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treasurer takes this method to inform the public, that in pursuance of advice received from the governor and sundry members of Council and Assembly, he shall, by himself or assistant, make a tour through the counties of Windham, Windsor and Orange, for a
state of the receipts and expenditures of public monies upon warrants from the superintendant of finance, from the 1st of January 1782, to the 1st of January 1783.
second section of the articles of war.
proclamation. By His Excellency the Honorable William Howe.
new touch on the times.
list of the fortunate numbers in the first class of New-Haven Bridge Lottery.
list of the fortunate numbers in the New-York Poor Lottery.
hymn to be sung by the charity scholars, on Sunday, the 19th of October, 1783, at St. Paul's Church, after the charity sermon for the benefit of the school.
hymn to be sung by the charity scholars, on Sunday, the 12th of October, 1783, at St. George's Chapel, after the charity sermon for the benefit of the school.
following return of the prisoners, taken at Forts Montgomery and Clinton, are published for the satisfaction of the public, and particularly for the benefit of their relations; who are requested to deliver such supplies, as they mean to send for the use o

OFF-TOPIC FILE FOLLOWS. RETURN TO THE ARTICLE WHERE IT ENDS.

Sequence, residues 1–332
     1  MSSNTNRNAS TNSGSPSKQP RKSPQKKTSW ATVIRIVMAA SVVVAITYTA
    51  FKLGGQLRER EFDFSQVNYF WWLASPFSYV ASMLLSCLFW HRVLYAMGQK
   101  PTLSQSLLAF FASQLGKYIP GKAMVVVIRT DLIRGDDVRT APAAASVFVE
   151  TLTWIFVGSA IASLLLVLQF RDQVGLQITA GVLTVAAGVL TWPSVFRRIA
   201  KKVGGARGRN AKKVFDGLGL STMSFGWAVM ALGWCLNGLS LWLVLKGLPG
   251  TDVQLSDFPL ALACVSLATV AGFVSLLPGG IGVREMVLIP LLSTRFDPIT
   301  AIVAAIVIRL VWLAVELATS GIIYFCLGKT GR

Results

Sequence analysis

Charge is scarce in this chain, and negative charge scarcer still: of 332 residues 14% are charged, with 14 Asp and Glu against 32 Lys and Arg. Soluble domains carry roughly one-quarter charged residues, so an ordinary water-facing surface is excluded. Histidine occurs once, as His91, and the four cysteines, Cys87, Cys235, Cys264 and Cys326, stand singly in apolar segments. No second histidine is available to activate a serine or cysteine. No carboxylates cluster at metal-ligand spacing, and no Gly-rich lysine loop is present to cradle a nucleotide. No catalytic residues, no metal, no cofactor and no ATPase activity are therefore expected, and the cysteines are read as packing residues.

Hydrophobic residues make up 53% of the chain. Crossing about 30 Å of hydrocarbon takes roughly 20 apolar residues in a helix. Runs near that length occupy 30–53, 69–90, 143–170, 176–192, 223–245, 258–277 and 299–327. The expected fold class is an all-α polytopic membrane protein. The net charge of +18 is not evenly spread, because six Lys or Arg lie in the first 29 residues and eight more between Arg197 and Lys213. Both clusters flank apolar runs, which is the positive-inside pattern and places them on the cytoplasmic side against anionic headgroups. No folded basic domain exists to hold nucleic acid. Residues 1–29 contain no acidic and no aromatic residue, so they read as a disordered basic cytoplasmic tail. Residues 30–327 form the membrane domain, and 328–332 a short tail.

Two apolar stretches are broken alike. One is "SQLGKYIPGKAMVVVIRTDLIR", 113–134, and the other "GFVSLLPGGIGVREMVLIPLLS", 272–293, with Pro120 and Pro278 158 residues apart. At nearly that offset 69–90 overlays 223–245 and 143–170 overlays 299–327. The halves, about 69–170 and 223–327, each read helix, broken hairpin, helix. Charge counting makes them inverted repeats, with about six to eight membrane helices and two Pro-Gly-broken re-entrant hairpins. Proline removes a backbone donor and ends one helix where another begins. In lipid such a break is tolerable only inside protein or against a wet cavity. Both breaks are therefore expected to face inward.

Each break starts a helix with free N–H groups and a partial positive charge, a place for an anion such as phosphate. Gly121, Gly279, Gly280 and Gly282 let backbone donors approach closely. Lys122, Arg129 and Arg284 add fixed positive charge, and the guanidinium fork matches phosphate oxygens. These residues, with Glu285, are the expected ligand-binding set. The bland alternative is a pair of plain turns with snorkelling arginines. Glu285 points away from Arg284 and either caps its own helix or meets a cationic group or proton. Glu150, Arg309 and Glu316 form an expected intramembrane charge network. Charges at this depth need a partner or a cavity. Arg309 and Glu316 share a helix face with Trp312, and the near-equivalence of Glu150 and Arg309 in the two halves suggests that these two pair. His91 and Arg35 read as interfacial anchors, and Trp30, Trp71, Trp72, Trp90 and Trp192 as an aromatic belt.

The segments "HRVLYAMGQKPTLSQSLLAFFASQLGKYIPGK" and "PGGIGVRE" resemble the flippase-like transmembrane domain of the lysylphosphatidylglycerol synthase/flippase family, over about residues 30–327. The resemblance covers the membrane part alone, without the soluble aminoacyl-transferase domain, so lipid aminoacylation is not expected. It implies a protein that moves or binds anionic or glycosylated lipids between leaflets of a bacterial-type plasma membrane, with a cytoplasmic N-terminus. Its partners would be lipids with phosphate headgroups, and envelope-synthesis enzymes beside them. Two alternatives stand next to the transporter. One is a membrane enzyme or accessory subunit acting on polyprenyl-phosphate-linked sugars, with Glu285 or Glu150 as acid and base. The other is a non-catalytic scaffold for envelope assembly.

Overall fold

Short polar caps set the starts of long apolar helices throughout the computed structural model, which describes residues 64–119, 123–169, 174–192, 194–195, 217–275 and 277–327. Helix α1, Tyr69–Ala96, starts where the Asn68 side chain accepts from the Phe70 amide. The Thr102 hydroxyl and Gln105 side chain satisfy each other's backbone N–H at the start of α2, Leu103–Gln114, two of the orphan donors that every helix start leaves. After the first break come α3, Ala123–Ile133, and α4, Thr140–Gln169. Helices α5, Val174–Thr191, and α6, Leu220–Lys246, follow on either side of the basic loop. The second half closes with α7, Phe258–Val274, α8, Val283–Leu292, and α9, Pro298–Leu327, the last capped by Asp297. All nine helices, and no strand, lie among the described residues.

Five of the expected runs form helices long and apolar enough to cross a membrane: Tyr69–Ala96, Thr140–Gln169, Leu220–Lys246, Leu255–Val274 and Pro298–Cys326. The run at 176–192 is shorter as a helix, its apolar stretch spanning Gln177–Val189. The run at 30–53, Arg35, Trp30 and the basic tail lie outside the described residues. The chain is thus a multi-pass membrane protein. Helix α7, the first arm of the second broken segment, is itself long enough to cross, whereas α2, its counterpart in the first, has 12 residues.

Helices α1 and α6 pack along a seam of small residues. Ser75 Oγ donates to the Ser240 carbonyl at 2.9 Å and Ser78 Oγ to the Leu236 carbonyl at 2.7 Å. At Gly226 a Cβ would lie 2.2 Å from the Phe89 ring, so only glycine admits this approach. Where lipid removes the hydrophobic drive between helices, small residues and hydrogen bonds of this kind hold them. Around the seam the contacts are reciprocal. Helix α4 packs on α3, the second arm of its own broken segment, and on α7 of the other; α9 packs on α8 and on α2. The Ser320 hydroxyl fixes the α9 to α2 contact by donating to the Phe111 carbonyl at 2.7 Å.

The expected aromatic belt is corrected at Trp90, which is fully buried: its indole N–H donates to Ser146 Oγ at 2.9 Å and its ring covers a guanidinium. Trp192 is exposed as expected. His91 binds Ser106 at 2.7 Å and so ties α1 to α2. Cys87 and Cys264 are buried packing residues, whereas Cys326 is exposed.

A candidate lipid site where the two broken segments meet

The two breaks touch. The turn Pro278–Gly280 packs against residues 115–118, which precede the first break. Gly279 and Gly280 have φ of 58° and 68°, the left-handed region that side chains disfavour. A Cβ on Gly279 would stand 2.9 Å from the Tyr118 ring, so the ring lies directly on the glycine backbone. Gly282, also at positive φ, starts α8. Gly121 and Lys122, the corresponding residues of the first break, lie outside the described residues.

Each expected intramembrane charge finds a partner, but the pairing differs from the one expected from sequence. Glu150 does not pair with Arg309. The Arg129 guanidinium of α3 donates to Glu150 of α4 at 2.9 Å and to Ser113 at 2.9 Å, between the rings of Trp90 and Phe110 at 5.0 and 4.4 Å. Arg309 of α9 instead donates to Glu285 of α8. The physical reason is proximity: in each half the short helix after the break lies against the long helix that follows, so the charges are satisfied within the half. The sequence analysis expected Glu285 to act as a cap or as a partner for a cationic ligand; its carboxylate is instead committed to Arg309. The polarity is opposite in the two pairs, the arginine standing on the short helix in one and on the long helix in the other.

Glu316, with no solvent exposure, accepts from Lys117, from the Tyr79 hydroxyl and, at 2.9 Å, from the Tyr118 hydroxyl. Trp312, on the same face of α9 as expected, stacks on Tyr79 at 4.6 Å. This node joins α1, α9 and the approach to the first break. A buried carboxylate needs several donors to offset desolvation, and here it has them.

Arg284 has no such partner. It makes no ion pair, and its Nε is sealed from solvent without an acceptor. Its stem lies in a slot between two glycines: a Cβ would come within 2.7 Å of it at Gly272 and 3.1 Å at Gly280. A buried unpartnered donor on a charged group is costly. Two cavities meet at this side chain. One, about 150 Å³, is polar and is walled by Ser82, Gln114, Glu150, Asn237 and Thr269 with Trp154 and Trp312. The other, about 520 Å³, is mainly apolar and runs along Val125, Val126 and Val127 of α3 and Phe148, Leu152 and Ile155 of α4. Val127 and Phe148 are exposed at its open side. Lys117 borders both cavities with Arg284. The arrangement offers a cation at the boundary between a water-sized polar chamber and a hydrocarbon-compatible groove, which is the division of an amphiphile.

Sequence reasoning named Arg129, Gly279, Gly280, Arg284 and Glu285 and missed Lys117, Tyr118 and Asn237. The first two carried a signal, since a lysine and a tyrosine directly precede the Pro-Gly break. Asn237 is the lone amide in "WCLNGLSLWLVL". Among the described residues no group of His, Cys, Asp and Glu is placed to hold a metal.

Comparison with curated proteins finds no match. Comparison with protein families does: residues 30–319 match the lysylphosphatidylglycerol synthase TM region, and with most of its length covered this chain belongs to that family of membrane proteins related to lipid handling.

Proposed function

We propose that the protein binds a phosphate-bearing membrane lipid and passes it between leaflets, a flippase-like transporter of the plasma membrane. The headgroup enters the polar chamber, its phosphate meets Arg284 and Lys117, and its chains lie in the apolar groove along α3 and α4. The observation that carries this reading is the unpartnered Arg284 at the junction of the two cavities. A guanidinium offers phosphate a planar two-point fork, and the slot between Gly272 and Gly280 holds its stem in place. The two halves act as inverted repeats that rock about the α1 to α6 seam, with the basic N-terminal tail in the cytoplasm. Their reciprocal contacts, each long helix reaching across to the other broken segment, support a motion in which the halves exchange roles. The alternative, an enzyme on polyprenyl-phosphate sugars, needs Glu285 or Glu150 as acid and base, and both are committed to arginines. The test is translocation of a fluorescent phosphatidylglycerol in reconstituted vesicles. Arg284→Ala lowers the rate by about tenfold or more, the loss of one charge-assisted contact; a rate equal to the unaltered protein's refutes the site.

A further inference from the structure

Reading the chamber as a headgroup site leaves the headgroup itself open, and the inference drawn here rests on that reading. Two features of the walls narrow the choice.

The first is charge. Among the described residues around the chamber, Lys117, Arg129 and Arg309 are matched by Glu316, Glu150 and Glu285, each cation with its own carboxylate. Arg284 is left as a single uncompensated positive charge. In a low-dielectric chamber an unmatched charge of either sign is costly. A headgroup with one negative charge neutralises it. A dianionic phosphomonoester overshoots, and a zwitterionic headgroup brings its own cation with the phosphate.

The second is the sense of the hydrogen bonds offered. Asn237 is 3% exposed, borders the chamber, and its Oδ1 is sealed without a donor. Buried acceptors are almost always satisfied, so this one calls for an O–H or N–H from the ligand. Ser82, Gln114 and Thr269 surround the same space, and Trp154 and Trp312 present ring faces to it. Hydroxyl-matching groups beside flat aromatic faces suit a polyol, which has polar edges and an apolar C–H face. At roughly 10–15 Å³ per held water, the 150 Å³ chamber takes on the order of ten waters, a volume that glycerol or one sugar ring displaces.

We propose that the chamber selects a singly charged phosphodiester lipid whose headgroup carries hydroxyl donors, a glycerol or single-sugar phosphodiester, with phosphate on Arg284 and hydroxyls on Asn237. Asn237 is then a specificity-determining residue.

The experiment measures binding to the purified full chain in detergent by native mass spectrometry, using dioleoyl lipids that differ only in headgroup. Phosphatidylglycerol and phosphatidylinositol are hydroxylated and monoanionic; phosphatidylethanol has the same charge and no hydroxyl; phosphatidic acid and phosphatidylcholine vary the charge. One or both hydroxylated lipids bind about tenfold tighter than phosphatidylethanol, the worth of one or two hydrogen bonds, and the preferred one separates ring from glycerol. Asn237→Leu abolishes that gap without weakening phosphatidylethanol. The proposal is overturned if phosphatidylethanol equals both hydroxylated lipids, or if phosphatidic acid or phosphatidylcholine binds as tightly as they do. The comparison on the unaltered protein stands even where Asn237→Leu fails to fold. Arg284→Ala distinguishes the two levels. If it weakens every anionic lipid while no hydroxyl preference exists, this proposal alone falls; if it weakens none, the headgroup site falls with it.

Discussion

following is a correct transcript of the treaty between France and the United States of America, together with the ratification of the same by Congress.
civil authority and select-men of the town of Groton.
address of the Congress to the inhabitants of the United States of America.
Whereas, many persons, at and below the White-Plains, in the county of West-Chester, by reason of the ravages of the enemy, are greatly distressed for want of provision to support their families.
We the subscribers do hereby solemnly engage and inlist [our]selves, as soldiers, in the batallions of the State of Rhode-Island and Providence Plantations, in the service of the United States of America.
War Office (Williamsburg) August 17, 1779.
Verses. For a believer, when looking on a watch.
United States Lottery.
To the public.
To satisfy the impatience of the public, for the late operations of the Royal Army in Pennsylvania.
To all gentlemen volunteers, who prefer liberty to slavery, and are hearty friends to the grand American cause.
To all adherents to the British government and followers of the British Army commonly called Tories, who are at present within the city and county of New-York.